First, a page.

• Teenagers 8-10 hours

Limit Screen Time
Technology is a big part of our lives.  It is difficult to escape the attraction, and sometimes the addiction, of social media, video games or television.  Like healthy eating and exercising, it is important that parents role model good control of screen time for their children and teens.

The American Academy of Pediatrics recommends that children 2 to 5 years of age have screen time limited to one hour per day.  For kids 6 years and older, parents should set limits on screen time and monitor the types of digital media that their children use.  The more time a child spends in front of a screen means less time for doing other things such as exercise, sleep or homework.

At Rockford Pediatrics, we are committed to helping families keep their children healthy.  We hope that this has been useful, and please call our office at 616-259-6100 if you have questions or would like to schedule an appointment!

 

What you need to know: Rockford well water contamination

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At Rockford Pediatrics, we have been receiving a lot of questions regarding the contamination of local well water.  As a result, Dr. Alt and Dr. Stransky thought it would be helpful to make this the feature of our latest blog post.

Background
A local footwear company, Wolverine World Wide, historically used chemicals to “scotchguard” their products.  They stopped using these chemicals when they were discontinued in 2002.  Recently, unsafe levels of hazardous chemicals have been found in private residential drinking wells.  The water has been testing positive for high levels of perfluoroalkyl and polyfluoroalkyl substances (called PFAS), which is a class of unregulated toxicants.  It has been reported that certain contamination sources have come from a decades-old dump site near Belmont and an old dump at in Plainfield Township, which has contaminated the groundwater of multiple properties near Chandler Drive NE.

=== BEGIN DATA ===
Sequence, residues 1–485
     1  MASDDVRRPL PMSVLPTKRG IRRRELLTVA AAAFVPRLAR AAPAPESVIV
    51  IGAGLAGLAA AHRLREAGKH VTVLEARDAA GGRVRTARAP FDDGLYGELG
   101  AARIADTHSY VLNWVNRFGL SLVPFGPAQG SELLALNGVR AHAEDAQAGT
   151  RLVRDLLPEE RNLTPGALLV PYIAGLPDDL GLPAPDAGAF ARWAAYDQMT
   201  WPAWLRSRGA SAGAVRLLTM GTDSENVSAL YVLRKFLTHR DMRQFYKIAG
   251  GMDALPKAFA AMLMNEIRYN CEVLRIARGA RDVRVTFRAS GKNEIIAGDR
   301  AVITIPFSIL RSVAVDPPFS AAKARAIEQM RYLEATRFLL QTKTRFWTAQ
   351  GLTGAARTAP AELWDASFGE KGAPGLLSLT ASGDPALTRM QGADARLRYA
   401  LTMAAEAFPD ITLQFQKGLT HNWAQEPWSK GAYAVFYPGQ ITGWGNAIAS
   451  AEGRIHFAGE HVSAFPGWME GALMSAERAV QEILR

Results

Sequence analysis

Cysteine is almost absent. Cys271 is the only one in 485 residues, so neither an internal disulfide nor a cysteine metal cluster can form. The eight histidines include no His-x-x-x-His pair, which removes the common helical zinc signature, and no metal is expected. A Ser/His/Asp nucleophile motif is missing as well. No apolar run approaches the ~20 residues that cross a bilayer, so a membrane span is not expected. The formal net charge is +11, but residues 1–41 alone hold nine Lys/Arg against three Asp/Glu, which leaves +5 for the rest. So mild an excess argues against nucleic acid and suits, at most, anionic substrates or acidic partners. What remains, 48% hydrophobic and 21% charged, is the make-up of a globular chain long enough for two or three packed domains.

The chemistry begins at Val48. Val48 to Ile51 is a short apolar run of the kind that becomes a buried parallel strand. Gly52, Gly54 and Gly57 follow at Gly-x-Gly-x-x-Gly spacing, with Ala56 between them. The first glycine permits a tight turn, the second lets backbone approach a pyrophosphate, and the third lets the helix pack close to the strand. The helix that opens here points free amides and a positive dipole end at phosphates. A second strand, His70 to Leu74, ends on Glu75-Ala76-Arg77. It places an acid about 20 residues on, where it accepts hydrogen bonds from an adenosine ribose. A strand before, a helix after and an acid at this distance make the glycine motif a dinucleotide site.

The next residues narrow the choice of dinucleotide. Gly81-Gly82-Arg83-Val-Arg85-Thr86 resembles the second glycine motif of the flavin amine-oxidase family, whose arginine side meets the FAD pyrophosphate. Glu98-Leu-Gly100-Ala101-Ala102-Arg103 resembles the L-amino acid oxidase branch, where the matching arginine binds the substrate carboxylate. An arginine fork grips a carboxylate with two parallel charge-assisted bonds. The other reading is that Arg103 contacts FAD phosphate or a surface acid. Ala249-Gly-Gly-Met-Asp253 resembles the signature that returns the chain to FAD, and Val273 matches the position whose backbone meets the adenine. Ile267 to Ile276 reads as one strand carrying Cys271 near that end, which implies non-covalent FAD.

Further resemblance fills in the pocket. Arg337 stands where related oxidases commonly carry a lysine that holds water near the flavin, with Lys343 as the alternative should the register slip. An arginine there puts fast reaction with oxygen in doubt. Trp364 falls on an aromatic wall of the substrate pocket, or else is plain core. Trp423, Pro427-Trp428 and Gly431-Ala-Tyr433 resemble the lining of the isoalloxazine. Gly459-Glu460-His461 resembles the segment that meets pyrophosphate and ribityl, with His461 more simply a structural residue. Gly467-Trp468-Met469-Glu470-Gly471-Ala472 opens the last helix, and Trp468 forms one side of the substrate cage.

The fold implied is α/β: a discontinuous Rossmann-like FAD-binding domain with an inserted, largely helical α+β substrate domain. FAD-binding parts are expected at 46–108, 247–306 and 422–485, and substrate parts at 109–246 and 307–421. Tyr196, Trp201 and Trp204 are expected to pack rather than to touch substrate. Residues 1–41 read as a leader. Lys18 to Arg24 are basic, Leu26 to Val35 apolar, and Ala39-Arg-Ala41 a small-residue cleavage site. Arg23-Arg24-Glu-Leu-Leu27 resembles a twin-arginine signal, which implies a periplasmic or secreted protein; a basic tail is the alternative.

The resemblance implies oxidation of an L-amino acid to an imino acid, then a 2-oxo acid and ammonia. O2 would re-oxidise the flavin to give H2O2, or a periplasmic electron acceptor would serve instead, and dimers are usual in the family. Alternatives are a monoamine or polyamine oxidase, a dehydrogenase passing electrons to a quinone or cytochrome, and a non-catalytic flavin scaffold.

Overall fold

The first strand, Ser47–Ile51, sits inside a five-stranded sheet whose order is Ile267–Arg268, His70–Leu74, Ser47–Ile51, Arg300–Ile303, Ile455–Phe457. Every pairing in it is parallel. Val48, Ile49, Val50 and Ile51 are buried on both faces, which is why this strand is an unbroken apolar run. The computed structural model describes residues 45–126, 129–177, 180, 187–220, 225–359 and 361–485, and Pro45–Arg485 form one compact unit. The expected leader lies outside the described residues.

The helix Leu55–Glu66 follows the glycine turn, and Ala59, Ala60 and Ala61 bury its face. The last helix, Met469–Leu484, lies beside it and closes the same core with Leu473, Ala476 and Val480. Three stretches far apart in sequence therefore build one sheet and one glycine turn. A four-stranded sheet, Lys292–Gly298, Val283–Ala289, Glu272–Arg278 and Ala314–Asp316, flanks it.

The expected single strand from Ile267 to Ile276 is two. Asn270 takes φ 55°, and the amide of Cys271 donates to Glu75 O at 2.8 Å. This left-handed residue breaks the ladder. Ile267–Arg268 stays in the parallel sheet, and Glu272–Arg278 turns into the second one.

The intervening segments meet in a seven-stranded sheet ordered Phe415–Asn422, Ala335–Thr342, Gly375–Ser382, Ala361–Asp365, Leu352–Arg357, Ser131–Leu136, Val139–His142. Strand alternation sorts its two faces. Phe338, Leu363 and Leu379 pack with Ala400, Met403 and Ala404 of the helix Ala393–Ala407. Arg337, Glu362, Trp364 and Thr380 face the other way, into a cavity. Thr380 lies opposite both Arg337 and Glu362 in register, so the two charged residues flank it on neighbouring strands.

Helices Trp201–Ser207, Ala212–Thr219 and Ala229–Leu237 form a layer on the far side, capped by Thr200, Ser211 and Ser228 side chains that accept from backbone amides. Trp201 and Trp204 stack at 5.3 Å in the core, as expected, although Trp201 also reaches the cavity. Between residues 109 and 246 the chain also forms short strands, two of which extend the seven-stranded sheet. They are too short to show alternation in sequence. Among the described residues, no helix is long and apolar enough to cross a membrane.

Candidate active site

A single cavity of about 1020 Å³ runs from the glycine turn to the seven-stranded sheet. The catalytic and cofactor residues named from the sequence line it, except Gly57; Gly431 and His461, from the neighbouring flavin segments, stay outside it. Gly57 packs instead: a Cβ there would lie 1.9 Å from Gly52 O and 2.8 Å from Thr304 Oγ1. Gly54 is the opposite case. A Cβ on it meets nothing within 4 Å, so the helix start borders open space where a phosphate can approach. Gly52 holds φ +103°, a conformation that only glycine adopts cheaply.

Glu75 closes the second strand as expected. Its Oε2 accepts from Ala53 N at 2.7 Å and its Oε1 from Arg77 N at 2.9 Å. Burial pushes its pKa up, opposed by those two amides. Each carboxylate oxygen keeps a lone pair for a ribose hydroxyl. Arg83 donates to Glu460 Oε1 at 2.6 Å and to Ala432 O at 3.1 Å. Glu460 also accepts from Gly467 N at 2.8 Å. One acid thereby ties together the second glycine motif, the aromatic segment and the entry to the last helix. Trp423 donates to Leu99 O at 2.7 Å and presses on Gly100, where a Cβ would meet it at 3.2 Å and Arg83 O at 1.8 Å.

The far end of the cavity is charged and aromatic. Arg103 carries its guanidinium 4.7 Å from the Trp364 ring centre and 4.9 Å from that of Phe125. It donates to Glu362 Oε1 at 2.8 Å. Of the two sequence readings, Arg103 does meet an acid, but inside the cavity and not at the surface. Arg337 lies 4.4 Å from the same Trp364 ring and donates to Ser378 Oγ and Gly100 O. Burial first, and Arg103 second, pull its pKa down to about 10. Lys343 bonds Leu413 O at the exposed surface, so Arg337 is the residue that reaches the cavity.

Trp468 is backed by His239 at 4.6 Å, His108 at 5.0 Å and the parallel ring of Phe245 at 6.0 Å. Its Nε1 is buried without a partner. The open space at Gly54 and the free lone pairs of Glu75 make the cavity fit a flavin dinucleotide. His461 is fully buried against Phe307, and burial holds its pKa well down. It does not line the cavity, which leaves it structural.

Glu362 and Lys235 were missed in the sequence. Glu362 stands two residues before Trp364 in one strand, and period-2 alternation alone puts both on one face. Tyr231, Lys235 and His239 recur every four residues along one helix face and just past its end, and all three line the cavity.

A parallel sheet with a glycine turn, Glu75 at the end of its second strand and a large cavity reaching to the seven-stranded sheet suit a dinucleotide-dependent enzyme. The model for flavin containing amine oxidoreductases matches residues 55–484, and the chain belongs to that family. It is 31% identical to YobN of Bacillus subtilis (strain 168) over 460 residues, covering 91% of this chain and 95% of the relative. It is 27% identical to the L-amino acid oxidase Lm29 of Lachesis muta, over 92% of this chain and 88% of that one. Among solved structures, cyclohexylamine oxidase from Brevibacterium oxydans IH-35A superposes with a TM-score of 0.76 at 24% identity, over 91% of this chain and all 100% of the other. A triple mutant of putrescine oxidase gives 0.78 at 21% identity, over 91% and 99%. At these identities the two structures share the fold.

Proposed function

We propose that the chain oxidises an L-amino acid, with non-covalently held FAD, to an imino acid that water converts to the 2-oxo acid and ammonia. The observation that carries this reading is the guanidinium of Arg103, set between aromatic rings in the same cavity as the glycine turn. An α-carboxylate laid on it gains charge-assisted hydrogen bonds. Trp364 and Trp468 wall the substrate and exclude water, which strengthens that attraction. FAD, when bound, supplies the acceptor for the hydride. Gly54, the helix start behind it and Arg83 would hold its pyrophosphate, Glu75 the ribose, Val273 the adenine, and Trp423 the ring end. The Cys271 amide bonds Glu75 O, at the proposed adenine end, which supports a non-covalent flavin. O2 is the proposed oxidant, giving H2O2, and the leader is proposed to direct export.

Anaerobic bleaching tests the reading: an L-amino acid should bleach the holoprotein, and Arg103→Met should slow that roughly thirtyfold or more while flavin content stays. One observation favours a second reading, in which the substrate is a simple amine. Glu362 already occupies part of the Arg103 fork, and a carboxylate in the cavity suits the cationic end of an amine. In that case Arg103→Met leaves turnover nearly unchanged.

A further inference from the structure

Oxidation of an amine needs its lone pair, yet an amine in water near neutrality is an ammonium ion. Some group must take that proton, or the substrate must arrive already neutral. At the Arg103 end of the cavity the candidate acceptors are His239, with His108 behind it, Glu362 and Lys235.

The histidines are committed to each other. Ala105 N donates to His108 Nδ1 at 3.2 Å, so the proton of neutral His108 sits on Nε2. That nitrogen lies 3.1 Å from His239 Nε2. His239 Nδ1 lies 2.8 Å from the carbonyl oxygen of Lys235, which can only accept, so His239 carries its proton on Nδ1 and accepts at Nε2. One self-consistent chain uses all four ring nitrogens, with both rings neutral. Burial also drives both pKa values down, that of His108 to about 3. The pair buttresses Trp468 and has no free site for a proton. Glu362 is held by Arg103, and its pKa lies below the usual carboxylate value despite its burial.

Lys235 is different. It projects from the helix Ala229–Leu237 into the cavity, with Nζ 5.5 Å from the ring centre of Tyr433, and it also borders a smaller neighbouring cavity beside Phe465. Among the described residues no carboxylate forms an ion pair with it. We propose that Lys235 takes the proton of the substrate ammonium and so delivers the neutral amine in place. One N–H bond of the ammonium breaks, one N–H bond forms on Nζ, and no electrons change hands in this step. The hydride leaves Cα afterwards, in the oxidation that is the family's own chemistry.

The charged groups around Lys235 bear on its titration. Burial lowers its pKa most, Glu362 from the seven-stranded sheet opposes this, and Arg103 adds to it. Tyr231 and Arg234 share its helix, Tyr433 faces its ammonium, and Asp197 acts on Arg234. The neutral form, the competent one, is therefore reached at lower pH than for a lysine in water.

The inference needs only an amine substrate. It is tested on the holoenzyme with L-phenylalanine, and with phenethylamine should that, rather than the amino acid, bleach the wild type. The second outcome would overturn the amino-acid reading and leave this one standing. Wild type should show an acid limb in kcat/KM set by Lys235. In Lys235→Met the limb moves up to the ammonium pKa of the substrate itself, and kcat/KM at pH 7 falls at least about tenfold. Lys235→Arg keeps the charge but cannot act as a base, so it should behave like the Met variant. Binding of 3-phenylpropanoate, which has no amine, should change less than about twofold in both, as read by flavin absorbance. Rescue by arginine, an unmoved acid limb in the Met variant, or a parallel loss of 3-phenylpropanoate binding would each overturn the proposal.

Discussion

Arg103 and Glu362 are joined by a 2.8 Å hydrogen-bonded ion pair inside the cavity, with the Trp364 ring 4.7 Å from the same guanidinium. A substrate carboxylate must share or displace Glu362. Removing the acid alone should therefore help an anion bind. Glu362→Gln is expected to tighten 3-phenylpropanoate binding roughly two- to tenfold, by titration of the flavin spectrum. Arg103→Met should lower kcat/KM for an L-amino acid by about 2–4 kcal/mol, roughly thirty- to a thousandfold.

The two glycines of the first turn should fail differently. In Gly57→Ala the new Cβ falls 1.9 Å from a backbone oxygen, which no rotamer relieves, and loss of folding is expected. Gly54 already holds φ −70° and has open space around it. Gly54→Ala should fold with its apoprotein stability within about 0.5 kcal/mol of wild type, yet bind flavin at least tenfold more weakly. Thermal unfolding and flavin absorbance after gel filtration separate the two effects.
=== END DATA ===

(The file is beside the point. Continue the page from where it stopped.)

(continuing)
Locations of concern
Read the following MLive article that includes a map of all affected areas. 

Where are PFAS substances used?
PFAS are often used to prevent food from sticking to cookware; making furniture and carpets resistant to stains; waterproofing clothes and shoes; making food packaging resistant to grease absorption and in some firefighting materials.  Exposure to PFAS is widespread and global. 

What are the health concerns associated with PFAS?
According to the U.S. Environmental Protection Agency (EPA), PFAS are considered an “emerging contaminant” which is a chemical that is characterized by a perceived, potential, or real threat to human health or the environment or lacks published health standards.  PFAS persist in the human body and are eliminated slowly.  PFAS can be found in blood and, at much lower levels, in urine, breast milk and in umbilical cord blood.  The potential for adverse effects to occur depends upon several factors such as the amount and concentration of PFAS ingested, as well as the length of exposure.

What are the potential PFAS risks to infants and children?
In addition to well water, newborns can be exposed to PFAS through breast milk.  The baby’s level of exposure depends upon the duration of breastfeeding.  Older children may be exposed to PFAS through food and water.  Younger children, who spend more time lying and crawling on floors, have a higher risk of exposure to PFAS from carpet cleaners and similar products.

How long do PFAS remain in the body?  What are the limits for PFAS exposure?